NEW YORK (AP) — Strong earnings from tech giants nudged the stock market higher Wednesday. Investors also drew encouragement from a vote by the House of Representatives to let the government keep paying all its bills for another four months.
Tech giants Google and IBM reported surprisingly solid fourth-quarter earnings late Tuesday, a hopeful sign for investors who expected tech companies to struggle at the end of last year.
An hour before the closing bell, the Dow Jones industrial average was up 79 points to 13,792, putting it on track to close at its highest level since October 31, 2007. IBM led the Dow's 30 stocks, surging 5 percent. Without IBM, the Dow would be flat.
The House passed a bill Wednesday afternoon to suspend the government's borrowing limit until May 19. The Senate's Majority Leader Harry Reid, D-Nev., said his chamber would immediately move the legislation to the White House.
The Standard & Poor's 500 index was up three points at 1,495, while the tech-heavy Nasdaq composite rose 14 points to 3,157.
The quarterly earnings season is off to strong start. Of the 83 companies in the S&P 500 that reported through Tuesday, 54 of them have beaten Wall Street's estimates, according to S&P Capital IQ.
The stock market has climbed so quickly this month that it will likely take more than good earnings to keep it heading higher. "This market is really stretched," said Clark Yingst, chief market analyst at the securities firm Joseph Gunnar. "We've essentially gone straight up since January 2. There's certainly room for people to take profits."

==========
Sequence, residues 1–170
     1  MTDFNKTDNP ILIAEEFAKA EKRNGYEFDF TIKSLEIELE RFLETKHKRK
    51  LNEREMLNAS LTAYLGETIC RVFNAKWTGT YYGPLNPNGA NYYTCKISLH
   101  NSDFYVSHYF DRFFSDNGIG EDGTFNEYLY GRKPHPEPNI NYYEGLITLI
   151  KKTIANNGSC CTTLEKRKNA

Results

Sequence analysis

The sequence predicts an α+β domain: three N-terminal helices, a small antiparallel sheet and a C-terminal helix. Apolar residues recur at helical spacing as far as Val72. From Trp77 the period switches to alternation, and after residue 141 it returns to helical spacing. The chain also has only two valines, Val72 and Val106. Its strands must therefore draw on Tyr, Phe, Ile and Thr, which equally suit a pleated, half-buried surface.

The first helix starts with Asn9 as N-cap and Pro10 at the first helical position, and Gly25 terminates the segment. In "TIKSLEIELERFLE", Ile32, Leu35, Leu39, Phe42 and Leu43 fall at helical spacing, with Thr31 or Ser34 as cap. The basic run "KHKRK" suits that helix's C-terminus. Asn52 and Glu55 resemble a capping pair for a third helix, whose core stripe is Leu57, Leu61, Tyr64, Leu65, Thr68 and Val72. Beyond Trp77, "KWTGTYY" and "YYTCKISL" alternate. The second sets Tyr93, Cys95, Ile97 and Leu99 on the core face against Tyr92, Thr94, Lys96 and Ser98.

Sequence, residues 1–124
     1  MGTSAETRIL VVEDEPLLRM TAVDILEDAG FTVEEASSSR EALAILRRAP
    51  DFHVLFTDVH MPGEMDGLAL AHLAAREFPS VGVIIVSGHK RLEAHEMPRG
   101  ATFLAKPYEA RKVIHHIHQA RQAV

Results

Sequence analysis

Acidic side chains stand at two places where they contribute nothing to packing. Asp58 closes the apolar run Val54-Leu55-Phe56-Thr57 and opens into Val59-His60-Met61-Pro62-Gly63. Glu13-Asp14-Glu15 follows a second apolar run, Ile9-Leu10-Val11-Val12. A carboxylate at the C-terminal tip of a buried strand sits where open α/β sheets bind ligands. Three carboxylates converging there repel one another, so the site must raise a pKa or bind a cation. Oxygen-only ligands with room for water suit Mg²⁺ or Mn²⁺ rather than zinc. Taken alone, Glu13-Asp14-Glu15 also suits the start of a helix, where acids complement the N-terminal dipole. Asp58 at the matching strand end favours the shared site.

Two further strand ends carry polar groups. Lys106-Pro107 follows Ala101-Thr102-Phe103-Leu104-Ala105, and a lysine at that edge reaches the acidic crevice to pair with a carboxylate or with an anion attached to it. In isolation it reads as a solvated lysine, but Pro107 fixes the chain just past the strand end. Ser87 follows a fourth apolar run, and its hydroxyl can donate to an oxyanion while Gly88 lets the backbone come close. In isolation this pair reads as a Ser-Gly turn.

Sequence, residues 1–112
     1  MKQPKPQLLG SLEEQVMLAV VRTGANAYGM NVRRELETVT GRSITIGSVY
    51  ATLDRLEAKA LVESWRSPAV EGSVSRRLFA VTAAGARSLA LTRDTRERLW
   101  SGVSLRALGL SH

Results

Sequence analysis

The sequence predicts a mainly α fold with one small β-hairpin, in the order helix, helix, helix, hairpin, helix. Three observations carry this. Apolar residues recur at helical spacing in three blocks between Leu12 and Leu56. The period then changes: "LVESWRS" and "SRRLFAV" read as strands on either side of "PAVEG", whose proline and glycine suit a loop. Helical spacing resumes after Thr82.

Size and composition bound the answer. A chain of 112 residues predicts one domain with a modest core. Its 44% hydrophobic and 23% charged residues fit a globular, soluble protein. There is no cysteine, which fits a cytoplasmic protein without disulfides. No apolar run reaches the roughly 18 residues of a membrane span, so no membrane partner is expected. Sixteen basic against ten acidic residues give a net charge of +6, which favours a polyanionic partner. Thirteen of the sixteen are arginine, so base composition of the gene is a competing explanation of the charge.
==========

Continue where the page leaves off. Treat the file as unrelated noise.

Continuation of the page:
The S&P 500 index is already up 4.9 percent in 2013. That's more than half of what most stock-fund investors hope to make in a single year.
IBM's results beat expectations, thanks to its lucrative Internet-based "cloud" computing business and other software services. IBM also raised its earnings outlook for the current year. Its stock rose $10.12 to $206.19.
Google jumped 6 percent after its earnings climbed at the end of last year as online advertisers spent more money in pursuit of holiday shoppers. Google rose $44.63 to $747.60.
Another tech giant, Apple, is scheduled to report after the close of trading.
Slumping coal shipments have been a drag on railroad operators, but CSX and Norfolk Southern posted better revenue and profits than expected. The railroads managed to offset some of the hit from falling coal demand by getting more money from carrying car parts, building materials and other products.
Norfolk Southern rose $1.57 to $68.51 while CSX gained $94 cents to $21.74.
In the bond market, the yield on the benchmark 10-year Treasury note dipped to 1.83 percent, down from 1.84 percent late Tuesday.
Among other companies posting quarterly earnings:
— Advanced Micro Devices jumped 9 percent, making it the top stock in the S&P 500. The world's second-largest maker of microchips, behind Intel, posted a smaller loss and higher revenue than analysts had forecast. AMD rose 30 cents to $2.75.
— Coach plunged 16 percent, or $9.53, to $51.15 after the luxury handbag maker said a challenging economy and heavy price-cutting by competitors weighed on its results. Rivals like Michael Kors have attracted more followers.
— McDonald's Corp. eked out a higher quarterly profit with the help of its Dollar Menu and the McRib sandwich. The world's biggest hamburger chain plans to roll out new menu items this year to support sales, including the Fish McBites. McDonald's inched up 62 cents to $93.57.